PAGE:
What Is Utah Known For?

- This post may contain affiliate links. Read our disclosure.

Forming part of the four corners states, Utah is known for its incredible skiing and snowboarding slopes, national parks and salt flats. The state is home to the headquarters of the LDS Church founded by Mormon pioneers led by Brigham Young. Utah is nicknamed the Beehive State and is named after the state’s native Ute Tribe, who have called modern-day Utah home for thousands of years before the arrival of Young and his followers.

Sandwiched between Colorado to the east and Nevada to the west, Utah has easy access to Denver and Las Vegas, and is a treasure trove of outdoor fun thanks to the state’s world-class ski resorts, five national parks, a massive terminal lake and stunning rock formations. Culturally and economically dominated by Salt Lake City, Utah hosted the 2002 Winter Olympics and serves as a refuge for a large chunk of the nation’s Mormons, which gives the Beehive State a unique flavour.

What Is Utah Known For?

1- Salt Lake City

Salt Lake City, Utah
Salt Lake City is what Utah is best known for.

The largest city in the Beehive State and Utah’s unrivalled economic, cultural, political and entertainment hub, Salt Lake City is renowned for its dramatic backdrops, world-class outdoor attractions and thriving arts scene.

Salt Lake City, or SLC as it’s known, was founded by a group of Brigham Young-led Mormon pioneers in 1847 and remains the headquarters of the LDS Church today.

Named after the Great Salt Lake, which sits just 18 miles (29 km) outside downtown SLC, the city has developed into a flourishing Intermountain West city and was crowned as a world-class destination when it got to host the 2002 Winter Olympic Games.

Salt Lake City is one of the premier skiing destinations in the United States and has popular attractions such as Temple Square, the Red Butte Garden, the Utah State Capitol and the Natural History Museum of Utah.


Recommended tours:

2- Mormons

Logan Utah Temple Of The Mormon Church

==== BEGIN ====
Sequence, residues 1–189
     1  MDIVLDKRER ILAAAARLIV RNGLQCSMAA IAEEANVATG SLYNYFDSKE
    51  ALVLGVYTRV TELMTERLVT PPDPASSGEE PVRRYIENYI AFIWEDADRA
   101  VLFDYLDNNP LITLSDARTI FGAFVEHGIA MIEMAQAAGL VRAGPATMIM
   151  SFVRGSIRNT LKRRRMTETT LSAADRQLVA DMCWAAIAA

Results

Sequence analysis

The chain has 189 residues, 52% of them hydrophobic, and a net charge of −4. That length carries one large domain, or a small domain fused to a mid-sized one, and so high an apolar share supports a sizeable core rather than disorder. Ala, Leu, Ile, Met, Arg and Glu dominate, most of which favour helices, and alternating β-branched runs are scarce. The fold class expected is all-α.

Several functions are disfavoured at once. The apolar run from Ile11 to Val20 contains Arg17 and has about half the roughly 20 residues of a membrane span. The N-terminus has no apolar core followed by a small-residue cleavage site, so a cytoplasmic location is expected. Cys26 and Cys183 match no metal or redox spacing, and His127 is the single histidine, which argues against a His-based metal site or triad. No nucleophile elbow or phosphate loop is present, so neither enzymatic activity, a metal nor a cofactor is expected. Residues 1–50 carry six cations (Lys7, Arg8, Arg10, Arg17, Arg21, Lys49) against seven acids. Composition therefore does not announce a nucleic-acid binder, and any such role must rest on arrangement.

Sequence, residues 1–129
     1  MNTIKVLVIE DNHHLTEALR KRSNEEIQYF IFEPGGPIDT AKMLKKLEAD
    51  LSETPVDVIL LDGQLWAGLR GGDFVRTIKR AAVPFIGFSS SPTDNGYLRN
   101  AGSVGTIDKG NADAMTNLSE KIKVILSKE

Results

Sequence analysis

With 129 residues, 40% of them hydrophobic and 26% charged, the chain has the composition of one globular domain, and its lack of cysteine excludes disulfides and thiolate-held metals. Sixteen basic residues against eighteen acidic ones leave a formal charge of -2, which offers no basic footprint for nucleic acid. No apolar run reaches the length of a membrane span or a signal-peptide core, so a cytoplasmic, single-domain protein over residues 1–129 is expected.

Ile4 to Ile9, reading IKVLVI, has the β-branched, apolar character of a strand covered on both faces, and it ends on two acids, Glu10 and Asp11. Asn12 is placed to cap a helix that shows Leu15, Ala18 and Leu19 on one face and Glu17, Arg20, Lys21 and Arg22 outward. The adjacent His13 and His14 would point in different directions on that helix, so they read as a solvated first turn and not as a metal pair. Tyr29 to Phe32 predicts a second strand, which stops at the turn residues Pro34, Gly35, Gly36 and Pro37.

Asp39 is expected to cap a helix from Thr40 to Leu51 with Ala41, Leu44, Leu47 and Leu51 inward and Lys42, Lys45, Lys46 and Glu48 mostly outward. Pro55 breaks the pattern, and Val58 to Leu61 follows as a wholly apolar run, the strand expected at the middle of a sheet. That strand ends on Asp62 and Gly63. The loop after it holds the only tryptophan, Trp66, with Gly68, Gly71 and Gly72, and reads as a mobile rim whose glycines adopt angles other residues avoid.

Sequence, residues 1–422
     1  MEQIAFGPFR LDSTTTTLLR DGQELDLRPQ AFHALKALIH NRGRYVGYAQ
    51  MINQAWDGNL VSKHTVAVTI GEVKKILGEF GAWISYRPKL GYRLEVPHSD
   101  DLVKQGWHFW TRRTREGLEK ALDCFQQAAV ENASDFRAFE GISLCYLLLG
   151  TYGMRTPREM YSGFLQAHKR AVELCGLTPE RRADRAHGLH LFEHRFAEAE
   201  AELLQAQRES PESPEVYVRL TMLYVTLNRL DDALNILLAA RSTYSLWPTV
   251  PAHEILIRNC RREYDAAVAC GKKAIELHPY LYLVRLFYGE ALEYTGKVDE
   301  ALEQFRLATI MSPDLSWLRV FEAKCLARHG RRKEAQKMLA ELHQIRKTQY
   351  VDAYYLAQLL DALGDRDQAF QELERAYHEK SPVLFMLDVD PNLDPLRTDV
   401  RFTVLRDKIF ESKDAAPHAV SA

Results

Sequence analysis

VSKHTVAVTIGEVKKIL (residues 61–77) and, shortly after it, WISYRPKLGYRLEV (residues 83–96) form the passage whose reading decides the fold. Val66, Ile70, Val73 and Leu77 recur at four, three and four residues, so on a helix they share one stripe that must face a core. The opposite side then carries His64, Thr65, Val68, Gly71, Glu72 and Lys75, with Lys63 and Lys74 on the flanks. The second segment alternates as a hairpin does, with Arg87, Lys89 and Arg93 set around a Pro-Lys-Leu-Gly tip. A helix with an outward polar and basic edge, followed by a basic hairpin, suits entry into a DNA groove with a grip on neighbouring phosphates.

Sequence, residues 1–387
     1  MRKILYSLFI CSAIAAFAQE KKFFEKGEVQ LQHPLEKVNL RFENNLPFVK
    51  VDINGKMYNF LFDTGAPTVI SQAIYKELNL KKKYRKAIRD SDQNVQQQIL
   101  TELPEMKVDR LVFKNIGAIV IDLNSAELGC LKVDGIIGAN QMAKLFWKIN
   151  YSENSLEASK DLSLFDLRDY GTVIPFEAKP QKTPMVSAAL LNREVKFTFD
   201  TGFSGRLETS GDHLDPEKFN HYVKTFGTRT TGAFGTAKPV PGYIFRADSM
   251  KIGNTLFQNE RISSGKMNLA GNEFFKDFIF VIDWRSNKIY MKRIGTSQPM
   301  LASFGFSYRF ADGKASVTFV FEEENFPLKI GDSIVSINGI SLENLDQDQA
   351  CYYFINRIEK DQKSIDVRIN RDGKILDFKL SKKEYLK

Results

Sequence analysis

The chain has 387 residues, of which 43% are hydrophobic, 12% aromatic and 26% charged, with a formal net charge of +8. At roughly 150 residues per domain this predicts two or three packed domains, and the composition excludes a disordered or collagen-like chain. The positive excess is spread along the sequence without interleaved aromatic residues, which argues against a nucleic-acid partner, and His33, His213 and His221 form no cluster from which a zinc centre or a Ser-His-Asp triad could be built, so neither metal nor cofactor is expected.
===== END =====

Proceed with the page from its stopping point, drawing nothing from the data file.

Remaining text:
Mormons are what Ogden, Utah is known for.

Initially settled by Mormon pioneers led by Brigham Young, Utah is the official hub of the Mormon faith and is home to about 1/3 of the entire United States’ Mormon followers.

Roughly two million Utahns call themselves Mormons, meaning that more than 60% of the state’s population belong to the LDS Church, which makes Utah the only state in the nation where the majority of its residents belong to a single church.

The driving force of Utah’s culture, traditions and politics, the story of modern-day Utah simply cannot be retold without mentioning Brigham Young and the Mormon faith, who directly founded the state after escaping religious persecution in Illinois.

3- Great Salt Lake

Great Salt Lake, Utah, USA
The Great Salt Lake is what Utah is also known for.

Recognised as the largest saltwater lake in the entire Western Hemisphere, the Great Salt Lake more than lives up to its larger-than-life name, with Great Salt Lake covering an area of more than 1 million acres (440,000 ha).

Great Salt Lake is all that remains of a once sprawling freshwater lake which once covered most of modern-day Utah, with the lake a popular spot for swimming in select parts where water levels are high enough.

One of the largest terminal lakes in the world, the Great Salt Lake sits right on the proverbial doorstep of downtown Salt Lake City and is among the most-visited outdoor landmarks in Utah.

4- Beehives